This was an emotional and eye-opening time for our Timorese Nazarenes as they shared tragic stories about how children are at risk in Timor, but also their hopes and dreams of how that reality can change.

Later in the week, we took the NCM team to the remote district of Atabae, where we have a church plant and the beginnings of a child holistic development ministry. Pastor Merlando and the church leaders were excited to receive the team, and it was a blessing to see the team interact with and minister to the children. The day was a blessing for all, I believe, and even a flat tire did not dampen our spirits. The NCM team worked together to change the tire, and were headed back to Dili soon after
We closed the week with a special time of communion and farewells, as our Timorese Nazarenes showered the NCM team with special “tais”, with patterns and colors picked out special for each person.

Thank you Super 8 for blessings us, and for (hopefully) allowing us the opportunity to bless you. Our hearts are full, and our understanding has been expanded. May God equip us to be compassionate Nazarenes in Timor-Leste, and show us practical ways to help the people, families, communities, and the country of Timor-Leste become healthy, holistically.

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Join Our Facebook Group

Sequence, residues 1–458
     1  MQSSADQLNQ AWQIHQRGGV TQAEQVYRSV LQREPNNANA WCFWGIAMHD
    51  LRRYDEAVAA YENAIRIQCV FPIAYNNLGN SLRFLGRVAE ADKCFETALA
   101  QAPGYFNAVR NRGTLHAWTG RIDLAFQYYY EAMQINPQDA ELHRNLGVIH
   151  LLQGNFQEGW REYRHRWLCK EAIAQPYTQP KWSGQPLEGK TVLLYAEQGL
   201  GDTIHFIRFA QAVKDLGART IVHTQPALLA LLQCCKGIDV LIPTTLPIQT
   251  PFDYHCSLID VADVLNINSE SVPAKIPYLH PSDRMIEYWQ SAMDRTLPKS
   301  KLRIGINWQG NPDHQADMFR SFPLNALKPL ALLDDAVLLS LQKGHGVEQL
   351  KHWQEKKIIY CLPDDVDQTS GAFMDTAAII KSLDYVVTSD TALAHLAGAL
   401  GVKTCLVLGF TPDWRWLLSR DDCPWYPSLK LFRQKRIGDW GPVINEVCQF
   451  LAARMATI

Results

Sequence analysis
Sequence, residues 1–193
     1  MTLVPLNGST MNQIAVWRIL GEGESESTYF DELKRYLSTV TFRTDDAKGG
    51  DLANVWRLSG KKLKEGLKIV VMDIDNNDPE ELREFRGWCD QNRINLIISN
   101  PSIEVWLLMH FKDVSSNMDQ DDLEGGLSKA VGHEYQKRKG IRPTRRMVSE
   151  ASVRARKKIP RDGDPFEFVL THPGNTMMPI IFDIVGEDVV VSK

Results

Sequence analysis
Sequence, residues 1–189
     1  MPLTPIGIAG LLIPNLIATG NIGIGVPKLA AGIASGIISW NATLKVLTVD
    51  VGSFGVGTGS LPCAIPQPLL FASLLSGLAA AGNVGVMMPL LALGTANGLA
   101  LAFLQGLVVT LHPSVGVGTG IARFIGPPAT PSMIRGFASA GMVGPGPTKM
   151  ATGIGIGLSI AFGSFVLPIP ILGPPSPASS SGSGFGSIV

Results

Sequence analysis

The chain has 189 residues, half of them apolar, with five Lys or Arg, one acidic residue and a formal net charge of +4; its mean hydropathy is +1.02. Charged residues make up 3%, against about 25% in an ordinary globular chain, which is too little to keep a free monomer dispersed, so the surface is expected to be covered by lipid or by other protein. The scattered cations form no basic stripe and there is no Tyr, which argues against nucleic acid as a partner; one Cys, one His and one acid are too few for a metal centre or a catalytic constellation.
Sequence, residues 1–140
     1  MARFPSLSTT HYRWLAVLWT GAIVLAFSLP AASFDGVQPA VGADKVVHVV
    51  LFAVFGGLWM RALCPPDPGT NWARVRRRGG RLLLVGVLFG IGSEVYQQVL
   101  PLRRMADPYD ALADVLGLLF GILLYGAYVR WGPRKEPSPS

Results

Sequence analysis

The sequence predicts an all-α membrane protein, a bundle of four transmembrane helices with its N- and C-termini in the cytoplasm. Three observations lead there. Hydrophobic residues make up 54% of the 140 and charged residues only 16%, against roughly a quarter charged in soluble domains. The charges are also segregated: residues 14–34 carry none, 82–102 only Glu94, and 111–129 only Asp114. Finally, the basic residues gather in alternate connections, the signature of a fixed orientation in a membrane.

We are pleased to announce our Facebook group STDFSTPILGRIMS. It is quickly becoming one of our primary means of giving news, prayer requests, updates, reports, and sharing stories about what is happening in Timor-Leste.

We would love for you to join our growing Facebook community of over 100 members, if you have not already. It is a closed group due to some security considerations, but open at any time to those who request membership. You can find our group by searching in the Facebook search bar for “stdfstpilgrims” or by following this link.

We have other social accounts as well, such as Instagram and Twitter. Our website has been newly and simplified. Mastering social media and online communication is a growing point for us, and we would love your feedback on ways to improve. If you have suggestions on how we communicate more effectively, don’t hesitate to email or message us through social media.

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Off and Running!

Every missionary wants to make a difference in the country and culture where they minister. They want to “get their hands dirty” serving others. When missionaries enter a new country or culture, they can often feel listless as much of their early time is absorbed in learning a new language, culture, and rhythm of life. Imagine our surprise to “hit the ground running” almost as soon as we arrived.